I decided that when I was going to be a writer, I wasn’t going to be of the starving artist model–troubled and brooding and just barely getting by, as if words were the only things I was hanging on to. It seemed too desperate, immature and out-dated from a time when Jack Kerouac’s On the Road made all the sense to everybody. Dean Moriarty, Dean Moriarty, Dean Moriarty.
But I wasn’t into adventures of the nonsensical kind, shambling after madness in a fit of rage with the world. Stubborn with drunk confusion and a level of creativity that dulled the mind into believing random acts were purposeful, and thus, should be repeated often, for the sake of making life interesting. Loose morals. Fast nights. Everything was forgettable with the sunrise.
There once was a time I found people like this entertaining. I won’t say it was regrettable to tag along to their stories, but I will say it’s a shame if you miss out on making your own. It’s like your life is off by half a second in time and a million miles in magnitude. And it takes a crisis of conscious to remind you of the reasons for capturing stories in the first place–not as proof of life or love or humanity, but as an attempt to document the truth as it unfolds, layer by unending layer. Paving stones to the unknown, and writers, the brick layers of contemplation.
When you read my words, I want you to see into the depths of my eyes–as you would when having a conversation with me in some corner street coffee shop or perhaps not even speaking at all, just throwing a football on the beach somewhere. Kind of like Dave Eggers in his epic ending scene in A Staggering Work of Heartbreaking Genius. Sometimes a frisbee will do.
Never mind if these references are lost on you, reader. They are unimportant, but certainly highlight the arrogance of a 1950s intellectual smoking cigarettes at a typewriter on a rainy Friday night with a half-empty bottle of liquor nearby, and now gone. So listen up, now. I’m telling you that I am a writer, a common name for people who carry a pen in their hand and a notepad in their pocket. Of course, I don’t actually do that either.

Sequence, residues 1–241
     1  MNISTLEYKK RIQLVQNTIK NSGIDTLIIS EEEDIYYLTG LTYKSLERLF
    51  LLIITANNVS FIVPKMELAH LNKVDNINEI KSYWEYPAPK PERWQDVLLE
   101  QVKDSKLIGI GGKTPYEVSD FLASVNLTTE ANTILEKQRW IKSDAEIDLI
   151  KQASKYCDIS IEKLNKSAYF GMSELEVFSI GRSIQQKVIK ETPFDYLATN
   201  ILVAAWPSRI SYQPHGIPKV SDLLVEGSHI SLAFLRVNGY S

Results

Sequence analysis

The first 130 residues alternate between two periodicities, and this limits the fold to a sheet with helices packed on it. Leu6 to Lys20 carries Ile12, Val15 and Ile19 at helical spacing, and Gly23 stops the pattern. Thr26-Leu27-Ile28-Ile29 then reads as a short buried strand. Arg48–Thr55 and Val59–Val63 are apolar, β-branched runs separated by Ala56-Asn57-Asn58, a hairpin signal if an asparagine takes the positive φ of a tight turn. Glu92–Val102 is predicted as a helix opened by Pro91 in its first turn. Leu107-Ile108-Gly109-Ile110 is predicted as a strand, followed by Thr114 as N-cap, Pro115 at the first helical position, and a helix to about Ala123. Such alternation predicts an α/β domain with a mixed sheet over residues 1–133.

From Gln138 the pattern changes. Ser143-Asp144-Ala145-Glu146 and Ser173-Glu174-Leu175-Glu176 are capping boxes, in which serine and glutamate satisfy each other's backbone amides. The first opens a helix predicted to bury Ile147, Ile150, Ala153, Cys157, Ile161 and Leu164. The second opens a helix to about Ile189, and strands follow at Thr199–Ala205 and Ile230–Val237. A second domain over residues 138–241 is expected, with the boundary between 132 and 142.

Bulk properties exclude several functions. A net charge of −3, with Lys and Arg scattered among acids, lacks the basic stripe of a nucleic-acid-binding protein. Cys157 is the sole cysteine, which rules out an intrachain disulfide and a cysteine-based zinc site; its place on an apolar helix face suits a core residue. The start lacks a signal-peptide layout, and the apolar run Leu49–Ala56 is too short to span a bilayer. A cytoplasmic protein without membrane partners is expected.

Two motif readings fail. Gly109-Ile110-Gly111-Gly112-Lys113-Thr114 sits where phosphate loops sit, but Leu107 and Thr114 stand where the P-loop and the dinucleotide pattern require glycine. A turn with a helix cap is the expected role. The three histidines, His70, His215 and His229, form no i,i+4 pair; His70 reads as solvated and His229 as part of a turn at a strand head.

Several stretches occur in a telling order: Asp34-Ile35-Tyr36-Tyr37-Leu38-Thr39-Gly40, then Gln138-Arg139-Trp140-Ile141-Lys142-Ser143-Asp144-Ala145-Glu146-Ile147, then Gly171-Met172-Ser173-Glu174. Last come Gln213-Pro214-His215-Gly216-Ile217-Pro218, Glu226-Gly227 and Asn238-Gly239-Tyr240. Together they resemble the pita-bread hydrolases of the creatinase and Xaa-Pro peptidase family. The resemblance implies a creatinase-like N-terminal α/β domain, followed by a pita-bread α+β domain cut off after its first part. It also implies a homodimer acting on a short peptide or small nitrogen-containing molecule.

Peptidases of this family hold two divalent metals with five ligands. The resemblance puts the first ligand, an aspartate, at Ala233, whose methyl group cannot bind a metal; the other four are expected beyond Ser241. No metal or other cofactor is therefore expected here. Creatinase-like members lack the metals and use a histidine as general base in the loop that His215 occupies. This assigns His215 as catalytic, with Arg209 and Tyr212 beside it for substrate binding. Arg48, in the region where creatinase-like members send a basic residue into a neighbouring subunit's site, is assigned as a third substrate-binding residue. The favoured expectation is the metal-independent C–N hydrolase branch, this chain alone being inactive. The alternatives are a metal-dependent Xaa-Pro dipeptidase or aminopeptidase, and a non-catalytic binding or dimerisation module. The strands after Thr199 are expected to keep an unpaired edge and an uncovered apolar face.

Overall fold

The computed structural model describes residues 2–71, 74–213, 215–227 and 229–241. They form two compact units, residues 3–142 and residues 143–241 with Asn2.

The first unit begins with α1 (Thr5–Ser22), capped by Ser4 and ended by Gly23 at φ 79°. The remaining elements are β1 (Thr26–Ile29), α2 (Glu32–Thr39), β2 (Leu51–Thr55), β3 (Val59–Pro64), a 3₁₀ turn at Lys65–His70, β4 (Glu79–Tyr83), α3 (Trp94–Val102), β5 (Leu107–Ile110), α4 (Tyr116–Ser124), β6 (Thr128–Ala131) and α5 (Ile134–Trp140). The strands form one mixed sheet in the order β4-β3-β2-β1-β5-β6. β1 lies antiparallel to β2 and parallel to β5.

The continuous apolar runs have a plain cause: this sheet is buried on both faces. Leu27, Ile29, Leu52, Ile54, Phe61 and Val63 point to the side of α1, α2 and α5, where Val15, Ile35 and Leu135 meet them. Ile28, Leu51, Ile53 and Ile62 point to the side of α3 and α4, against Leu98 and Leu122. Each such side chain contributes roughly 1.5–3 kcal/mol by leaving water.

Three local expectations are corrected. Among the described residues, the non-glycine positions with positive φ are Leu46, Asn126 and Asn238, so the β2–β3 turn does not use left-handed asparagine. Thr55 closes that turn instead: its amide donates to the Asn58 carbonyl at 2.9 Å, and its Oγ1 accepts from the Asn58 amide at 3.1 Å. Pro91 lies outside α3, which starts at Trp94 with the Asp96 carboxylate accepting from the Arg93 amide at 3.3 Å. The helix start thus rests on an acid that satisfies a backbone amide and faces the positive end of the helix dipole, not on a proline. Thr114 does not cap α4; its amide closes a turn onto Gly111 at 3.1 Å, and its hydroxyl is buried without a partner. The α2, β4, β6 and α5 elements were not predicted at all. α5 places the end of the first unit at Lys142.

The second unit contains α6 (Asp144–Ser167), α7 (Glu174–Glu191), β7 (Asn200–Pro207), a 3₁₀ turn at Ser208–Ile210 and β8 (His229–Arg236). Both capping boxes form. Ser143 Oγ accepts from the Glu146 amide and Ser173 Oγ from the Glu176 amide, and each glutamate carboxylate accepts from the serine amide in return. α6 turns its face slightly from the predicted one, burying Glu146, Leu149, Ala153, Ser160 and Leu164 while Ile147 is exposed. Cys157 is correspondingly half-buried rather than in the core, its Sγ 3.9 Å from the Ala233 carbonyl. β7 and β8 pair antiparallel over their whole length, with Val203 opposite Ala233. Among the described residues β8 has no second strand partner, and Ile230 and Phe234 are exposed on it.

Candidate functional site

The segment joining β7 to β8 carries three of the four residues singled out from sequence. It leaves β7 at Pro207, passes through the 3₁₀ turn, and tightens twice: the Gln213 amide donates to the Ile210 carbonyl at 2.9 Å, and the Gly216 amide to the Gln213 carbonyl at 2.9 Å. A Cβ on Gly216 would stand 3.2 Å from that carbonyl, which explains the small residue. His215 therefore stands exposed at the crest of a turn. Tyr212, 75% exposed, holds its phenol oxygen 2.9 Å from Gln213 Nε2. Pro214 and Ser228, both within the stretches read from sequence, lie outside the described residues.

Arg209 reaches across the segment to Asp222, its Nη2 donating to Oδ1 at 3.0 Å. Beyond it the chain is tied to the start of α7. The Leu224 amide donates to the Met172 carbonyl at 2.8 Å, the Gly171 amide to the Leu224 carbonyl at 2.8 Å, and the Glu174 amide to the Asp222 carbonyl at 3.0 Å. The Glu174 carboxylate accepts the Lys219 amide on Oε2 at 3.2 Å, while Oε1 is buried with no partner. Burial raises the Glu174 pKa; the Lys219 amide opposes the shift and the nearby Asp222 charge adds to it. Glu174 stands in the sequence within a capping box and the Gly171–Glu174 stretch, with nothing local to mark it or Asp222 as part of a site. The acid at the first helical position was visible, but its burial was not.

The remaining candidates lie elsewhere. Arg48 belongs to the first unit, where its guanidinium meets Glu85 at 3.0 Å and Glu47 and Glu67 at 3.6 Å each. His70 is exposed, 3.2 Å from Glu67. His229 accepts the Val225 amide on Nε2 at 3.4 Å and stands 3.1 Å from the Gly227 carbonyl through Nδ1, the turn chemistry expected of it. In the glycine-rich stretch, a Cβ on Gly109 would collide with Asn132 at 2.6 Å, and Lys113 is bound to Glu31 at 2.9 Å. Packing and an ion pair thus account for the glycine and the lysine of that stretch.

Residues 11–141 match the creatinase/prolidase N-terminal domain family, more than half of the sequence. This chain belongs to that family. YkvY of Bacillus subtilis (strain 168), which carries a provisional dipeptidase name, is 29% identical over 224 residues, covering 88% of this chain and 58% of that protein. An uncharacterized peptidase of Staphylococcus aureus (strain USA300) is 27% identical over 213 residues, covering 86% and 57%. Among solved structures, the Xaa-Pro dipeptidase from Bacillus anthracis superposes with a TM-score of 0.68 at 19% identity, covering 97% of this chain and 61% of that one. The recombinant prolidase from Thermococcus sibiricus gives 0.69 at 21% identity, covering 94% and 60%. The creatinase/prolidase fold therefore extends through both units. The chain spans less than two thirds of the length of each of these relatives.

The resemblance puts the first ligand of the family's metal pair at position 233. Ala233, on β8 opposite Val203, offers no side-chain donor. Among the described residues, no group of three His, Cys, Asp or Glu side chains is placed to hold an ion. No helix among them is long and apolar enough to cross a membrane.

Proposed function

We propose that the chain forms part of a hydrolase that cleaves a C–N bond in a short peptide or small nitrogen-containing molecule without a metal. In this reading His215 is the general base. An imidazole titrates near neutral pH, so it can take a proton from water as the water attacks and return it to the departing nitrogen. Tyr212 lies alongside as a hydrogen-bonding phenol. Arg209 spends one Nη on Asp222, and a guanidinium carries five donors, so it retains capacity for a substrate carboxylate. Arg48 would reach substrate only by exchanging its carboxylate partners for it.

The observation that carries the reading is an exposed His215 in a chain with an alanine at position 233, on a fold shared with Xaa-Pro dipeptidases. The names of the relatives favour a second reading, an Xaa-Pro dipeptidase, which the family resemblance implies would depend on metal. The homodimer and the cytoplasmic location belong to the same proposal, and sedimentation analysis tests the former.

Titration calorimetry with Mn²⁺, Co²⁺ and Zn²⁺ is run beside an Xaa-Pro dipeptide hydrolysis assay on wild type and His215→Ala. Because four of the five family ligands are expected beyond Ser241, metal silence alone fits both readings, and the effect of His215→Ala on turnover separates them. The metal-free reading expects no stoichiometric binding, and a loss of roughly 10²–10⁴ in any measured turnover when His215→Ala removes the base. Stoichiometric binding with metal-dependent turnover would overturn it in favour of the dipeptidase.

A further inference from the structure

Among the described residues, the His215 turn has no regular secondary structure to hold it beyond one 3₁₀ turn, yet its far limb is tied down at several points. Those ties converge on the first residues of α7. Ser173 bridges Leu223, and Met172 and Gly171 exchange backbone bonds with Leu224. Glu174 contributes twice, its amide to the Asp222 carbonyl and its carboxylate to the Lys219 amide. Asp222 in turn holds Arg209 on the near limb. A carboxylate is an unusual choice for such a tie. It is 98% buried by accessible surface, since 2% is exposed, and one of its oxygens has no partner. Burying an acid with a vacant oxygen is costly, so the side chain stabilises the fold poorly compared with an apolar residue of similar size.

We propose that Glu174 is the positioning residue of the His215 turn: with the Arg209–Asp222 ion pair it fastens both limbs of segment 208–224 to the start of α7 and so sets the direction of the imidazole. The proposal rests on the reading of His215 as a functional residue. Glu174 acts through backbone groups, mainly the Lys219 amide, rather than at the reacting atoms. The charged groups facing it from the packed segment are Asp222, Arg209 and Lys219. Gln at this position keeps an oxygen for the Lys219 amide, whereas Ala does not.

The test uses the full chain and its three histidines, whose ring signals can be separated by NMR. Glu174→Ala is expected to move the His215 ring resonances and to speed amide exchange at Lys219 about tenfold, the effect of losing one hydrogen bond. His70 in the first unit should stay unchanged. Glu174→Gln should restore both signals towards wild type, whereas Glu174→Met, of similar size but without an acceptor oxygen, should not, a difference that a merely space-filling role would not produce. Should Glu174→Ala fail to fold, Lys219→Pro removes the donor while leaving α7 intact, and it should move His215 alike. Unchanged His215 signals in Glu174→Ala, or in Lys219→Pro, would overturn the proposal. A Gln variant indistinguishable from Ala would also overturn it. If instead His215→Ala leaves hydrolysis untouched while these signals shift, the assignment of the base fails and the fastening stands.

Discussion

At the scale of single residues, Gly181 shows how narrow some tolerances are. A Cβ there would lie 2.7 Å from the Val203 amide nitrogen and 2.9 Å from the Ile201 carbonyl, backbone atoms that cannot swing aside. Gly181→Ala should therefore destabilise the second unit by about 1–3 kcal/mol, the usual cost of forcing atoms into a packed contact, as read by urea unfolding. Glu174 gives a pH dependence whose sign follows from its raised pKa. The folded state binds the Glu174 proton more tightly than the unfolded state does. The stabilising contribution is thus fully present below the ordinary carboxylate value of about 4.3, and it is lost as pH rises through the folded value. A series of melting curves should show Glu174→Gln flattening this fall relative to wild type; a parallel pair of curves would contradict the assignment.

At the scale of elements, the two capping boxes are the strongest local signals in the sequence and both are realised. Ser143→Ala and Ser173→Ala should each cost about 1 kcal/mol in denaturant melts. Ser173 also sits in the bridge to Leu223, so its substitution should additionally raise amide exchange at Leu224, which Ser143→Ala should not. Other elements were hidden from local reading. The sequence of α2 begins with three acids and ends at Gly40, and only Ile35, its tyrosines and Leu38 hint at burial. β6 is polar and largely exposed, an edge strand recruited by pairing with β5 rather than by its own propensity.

I am not like that. And it always bothered me that writing was defined that way for anyone daring to carve memories into something novel. My desire to write comes not from a nagging need to fill an empty space in my being, and it is a terrible mistake to think these words could ever suffice for yours. No, that’s far too depressing and stereotypically common. Instead, I write to change myself from moment to moment. I’m a chameleon with a keyboard. It’s good to be unrecognized yet absolutely identifiable. It’ll make you look closer, think deeper and question–even if only for a breath–your logic. Not to be confused with sanity.
When you read these words in the stillness of time, I want you to run these lines with me, as if in a two-person play on the stage of a separate world where parallel lives are not only possible, but more common than you might think. When you read these words, I want you to recall yourself, long lost from the day and barely there emotionally, and beckon your heart into beating loudly again and outside of your chest. When you read these words, I want you meet me for the first time, everytime, and laugh upon the recognition of already having known each other.
Because writing is like laughing for me. It’s as if I’m out dancing on a starry night, smoking smores around the fire pit or playing cards in the park. It’s like a fine bottle of wine, uncorked. Writing is Thanksgiving fullness. I decided that when I was going to be a writer, I was going to stuff my words with enthusiasm; uncurbed by curiosity. I decided that I would be plentiful and giving, as if there are always seconds and thirds to be had–with room for dessert. Writing is like an unspoken prayer you weigh the world on at the end of the day, and in the moments right before you close your eyes, the safest place you could possibly be.
You may be wondering how this is possible. Or perhaps why it matters. But I am not going to telling you why I write. That would be like telling you why I love.